Honoring Visionaries Who Inspire Great Places
The ULI J.C. Nichols Prize for Visionaries in Urban Development was established to recognize an individual, or a person representing an institution, whose career demonstrates a commitment to the highest standards of responsible development.
The $100,000 prize honors the legacy of legendary Kansas City, Missouri, developer Jesse Clyde Nichols (1880−1950), a founding ULI member who is widely regarded as one of America’s most influential entrepreneurs in land use during the first half of the 20th century.
2016 Nichols Laureate:
Dr. Cheong Koon Hean
Dr. Cheong Koon Hean, a widely acclaimed architect and urban planner credited with shaping much of Singapore’s urban landscape, has been named the 2016 recipient of the Urban Land Institute (ULI) J.C. Nichols Prize for Visionaries in Urban Development. Dr. Cheong, the 17th Nichols laureate and the first from Asia.
Dr. Cheong, whose extraordinary career in city building spans 35 years, is Chief Executive Officer of Singapore’s Housing & Development Board (HDB), which builds and manages public housing for more than 80 percent of the city-state’s population. With over 9 in 10 of them owning the homes they live in, it has one of the highest homeownership rates in the world. Since holding this position in 2010, she has overseen one of Singapore’s largest residential building programs to help address the high housing demand. She has also introduced HDB’s ‘Roadmap to Better Living in HDB Towns’, which guides HDB’s development of well-designed, sustainable and community-centric towns.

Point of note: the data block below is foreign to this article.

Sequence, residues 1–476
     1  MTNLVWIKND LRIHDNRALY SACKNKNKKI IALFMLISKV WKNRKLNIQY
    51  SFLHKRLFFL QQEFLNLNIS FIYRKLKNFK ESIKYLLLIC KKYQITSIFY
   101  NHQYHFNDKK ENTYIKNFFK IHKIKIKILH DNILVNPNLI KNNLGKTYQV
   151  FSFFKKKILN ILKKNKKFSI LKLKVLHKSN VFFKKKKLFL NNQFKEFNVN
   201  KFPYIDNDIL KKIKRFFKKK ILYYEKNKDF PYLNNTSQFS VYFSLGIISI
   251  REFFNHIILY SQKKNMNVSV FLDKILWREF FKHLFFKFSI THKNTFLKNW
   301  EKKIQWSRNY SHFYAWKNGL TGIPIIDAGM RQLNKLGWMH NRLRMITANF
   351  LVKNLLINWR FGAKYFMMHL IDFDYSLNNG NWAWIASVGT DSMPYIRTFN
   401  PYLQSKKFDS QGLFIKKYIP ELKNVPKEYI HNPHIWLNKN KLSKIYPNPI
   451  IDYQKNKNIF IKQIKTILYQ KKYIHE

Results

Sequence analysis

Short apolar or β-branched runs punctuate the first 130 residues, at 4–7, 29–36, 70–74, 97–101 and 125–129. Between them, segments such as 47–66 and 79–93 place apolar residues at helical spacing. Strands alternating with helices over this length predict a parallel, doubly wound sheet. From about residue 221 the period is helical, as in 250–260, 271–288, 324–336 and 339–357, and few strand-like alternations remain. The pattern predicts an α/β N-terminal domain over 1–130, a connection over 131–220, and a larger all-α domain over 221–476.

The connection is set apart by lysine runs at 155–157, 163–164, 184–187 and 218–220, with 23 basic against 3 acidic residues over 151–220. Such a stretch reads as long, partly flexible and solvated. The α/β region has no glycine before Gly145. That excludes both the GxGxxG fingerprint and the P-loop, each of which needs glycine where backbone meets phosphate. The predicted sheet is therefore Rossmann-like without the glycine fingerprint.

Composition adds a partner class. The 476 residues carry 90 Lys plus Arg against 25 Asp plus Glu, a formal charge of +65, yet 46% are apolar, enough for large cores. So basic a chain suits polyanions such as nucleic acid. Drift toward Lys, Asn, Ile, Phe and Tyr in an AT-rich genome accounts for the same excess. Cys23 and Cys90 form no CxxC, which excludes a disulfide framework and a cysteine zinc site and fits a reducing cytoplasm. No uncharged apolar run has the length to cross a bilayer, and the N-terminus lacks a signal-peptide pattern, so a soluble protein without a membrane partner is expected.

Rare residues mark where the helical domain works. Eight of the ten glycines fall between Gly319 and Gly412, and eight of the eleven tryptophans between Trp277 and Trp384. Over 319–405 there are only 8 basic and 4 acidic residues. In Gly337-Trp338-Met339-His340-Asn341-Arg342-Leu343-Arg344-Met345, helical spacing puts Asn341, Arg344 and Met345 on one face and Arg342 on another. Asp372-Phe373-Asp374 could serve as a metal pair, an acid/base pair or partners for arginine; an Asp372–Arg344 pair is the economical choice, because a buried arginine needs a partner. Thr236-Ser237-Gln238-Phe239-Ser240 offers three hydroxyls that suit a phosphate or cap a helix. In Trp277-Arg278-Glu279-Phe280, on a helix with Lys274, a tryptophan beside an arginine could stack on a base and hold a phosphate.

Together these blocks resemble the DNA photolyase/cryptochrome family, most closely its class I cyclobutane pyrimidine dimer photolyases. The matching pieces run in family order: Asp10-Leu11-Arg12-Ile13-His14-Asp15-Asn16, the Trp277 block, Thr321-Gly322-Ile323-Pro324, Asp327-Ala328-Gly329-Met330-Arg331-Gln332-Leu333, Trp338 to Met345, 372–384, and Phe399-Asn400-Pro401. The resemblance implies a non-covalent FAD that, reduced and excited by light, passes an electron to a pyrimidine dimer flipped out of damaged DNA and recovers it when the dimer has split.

History of the Nichols Prize
The Nichols Prize, endowed by the family of J.C. Nichols, honors the legacy of the legendary Kansas City, Missouri, developer. A founding ULI member, J.C. Nichols is widely regarded as one of America’s most influential entrepreneurs in land use during the first half of the 1900s.
Nichols pioneered the development of sustainable, mass-market residential neighborhoods built for permanence, and automobile-oriented shopping centers. The Country Club District, a model residential community; Country Club Plaza, a 77-year-old shopping center and multiuse development; and numerous well-preserved suburban communities south of downtown Kansas City attest to his enduring legacy in that city.
Vincent Scully, 2003 Nichols Prize laureate, said of J.C. Nichols, “There is no one involved with the American city who does not owe J.C. Nichols a debt for his vision and method in the planning and development of residential communities. His example has helped this generation to take on that basic program intelligently once again.”
J.C. Nichols’s America: The Suburban World of The Community Builders Handbook
Essay by Robert Fishman (Originally published with occasion of the J.C. Nichols Forum celebrated in Kansas City, Missouri, September 2016)